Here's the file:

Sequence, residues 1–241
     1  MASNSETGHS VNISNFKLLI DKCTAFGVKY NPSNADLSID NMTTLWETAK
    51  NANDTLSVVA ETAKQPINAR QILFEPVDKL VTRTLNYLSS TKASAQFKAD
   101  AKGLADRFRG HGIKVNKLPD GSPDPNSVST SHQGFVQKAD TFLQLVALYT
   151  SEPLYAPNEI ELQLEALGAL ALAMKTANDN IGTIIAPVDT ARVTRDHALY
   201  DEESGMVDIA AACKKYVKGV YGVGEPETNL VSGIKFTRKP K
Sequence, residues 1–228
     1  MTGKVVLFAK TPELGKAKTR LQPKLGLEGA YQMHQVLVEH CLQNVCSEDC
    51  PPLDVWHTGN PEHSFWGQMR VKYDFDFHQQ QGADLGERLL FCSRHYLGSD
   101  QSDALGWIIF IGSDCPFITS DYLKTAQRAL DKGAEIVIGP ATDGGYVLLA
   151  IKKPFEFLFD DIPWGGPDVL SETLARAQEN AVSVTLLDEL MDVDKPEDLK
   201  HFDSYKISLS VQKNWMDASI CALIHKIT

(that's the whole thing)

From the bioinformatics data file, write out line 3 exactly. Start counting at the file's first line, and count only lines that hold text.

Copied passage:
    51  NANDTLSVVA ETAKQPINAR QILFEPVDKL VTRTLNYLSS TKASAQFKAD